Neil Young’s release schedule is as wonderfully diverse and confusing as it’s ever been, but with Peace Trail he’s pulled a good one out of the bag. His last two efforts with Promise of the Real were gutsy, but The Monsanto Years provided only a few sparks, while EARTH was bordering barmy, despite coming from a heart of gold. If anything, given the grandness of the title, this latest release is played out with a surprising softness of touch.
The stripped-back record is mostly just Neil, a weary old drum kit, and an acoustic guitar, with a few other instruments called in for backup where necessary. The title track is one of the saddest tracks Young has released for some time; sparse but meticulously arranged, the song is driven by maracas while a glorious keyboard hook underpins it, and lonesome guitar leads distantly drift through like plumes of campfire smoke. The melody Young croons is sumptuous, and there are vocoder harmonies at points, making it sound like a dusky take on his tragically overlooked Trans album. “Can’t Stop Workin’,” meanwhile, slaps its own thigh as drum brushes are thwacked against the snare and two chords jut back and forth. It’s a simple and jovial song that could have been part of Young’s Greendale opus.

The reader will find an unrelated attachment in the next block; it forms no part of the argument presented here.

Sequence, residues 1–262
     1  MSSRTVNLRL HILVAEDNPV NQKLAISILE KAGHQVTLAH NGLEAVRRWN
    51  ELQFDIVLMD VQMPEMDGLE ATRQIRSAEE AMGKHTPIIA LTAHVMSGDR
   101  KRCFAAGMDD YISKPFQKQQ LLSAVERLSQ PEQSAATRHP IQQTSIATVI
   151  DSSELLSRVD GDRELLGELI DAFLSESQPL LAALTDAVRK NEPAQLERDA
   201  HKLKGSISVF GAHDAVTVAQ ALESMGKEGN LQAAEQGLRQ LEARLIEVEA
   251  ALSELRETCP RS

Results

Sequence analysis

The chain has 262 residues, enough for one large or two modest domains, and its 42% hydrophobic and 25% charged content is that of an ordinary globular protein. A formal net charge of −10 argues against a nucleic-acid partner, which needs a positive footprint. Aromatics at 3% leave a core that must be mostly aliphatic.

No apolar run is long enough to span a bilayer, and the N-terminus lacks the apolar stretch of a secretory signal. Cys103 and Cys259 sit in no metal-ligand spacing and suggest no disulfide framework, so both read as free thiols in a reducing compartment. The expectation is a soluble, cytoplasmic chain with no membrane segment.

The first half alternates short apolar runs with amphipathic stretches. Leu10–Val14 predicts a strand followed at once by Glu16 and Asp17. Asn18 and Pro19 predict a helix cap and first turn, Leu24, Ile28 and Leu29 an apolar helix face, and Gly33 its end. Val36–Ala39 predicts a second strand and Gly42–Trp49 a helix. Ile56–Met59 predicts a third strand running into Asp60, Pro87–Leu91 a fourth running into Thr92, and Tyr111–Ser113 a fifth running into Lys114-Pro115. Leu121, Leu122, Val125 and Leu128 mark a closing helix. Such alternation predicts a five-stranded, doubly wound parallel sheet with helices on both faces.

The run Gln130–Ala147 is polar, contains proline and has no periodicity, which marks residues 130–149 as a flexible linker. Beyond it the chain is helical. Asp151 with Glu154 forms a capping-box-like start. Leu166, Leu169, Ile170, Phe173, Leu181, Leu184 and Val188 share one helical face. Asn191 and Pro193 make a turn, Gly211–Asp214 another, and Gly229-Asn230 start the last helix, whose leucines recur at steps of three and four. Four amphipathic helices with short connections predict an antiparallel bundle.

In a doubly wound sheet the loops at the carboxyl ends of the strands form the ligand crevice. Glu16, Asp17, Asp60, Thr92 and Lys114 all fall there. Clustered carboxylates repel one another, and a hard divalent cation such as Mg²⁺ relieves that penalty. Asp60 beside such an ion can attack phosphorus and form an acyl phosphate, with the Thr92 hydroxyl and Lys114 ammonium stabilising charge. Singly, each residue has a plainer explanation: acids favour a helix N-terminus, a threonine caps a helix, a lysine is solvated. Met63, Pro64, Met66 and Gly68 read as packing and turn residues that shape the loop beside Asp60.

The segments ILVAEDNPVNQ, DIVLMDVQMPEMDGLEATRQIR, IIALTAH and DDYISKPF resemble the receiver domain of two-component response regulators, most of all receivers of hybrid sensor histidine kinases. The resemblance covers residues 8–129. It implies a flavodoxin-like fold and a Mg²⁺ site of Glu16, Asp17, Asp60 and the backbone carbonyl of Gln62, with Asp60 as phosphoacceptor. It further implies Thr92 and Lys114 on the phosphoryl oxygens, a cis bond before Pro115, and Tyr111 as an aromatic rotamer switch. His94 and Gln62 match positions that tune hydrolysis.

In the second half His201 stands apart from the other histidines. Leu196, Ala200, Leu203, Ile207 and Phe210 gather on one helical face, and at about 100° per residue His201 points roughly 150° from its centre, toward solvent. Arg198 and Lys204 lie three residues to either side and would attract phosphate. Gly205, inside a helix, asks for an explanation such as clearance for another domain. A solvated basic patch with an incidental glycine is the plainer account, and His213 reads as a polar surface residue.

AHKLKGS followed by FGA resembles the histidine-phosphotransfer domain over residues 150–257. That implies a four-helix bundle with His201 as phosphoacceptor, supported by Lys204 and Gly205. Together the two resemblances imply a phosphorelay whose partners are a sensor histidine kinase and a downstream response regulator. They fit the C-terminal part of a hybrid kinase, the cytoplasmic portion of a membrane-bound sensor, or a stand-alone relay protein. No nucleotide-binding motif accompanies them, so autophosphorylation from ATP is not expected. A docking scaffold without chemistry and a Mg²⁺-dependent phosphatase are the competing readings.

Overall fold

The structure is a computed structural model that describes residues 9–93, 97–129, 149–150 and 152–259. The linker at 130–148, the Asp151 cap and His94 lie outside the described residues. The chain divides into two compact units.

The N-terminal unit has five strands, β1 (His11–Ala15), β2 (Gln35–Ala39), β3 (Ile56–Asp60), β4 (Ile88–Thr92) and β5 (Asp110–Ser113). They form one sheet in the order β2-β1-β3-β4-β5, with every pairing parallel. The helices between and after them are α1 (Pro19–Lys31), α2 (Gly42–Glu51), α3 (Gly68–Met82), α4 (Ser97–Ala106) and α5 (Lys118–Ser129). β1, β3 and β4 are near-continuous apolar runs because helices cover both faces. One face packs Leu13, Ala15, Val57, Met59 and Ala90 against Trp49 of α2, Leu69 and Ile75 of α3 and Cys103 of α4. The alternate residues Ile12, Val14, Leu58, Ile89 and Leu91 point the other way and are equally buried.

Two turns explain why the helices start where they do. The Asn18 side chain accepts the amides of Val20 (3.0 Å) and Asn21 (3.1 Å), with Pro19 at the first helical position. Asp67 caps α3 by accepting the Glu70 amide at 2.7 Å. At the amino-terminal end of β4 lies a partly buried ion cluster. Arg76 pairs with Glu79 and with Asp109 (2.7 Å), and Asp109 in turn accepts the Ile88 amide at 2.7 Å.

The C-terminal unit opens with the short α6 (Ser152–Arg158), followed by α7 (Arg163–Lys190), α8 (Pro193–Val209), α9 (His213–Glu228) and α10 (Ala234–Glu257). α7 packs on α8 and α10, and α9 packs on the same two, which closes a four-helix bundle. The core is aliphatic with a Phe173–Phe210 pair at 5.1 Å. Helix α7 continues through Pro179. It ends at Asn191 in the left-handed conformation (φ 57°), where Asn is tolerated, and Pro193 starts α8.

Peace Trail shuffles through its opening third in a close-cropped series of country-waltz and blues crossovers. “Show Me” has Young singing in close proximity to the mic, giving an intimate performance, while the gentlest of boogies tilts from side to side behind him. “Terrorist Suicide Hang Gliders” finds him with tongue planted firmly in cheek, in part to highlight the extent of the current paranoia.
Perhaps it doesn’t rate as a classic, but in Peace Trail ol’ Neil has put forward an honest and open series of stories on the state of the day that, instead of inciting rage, offer a gentle listen encouraging self-reflection. In this respect, it’s a huge success.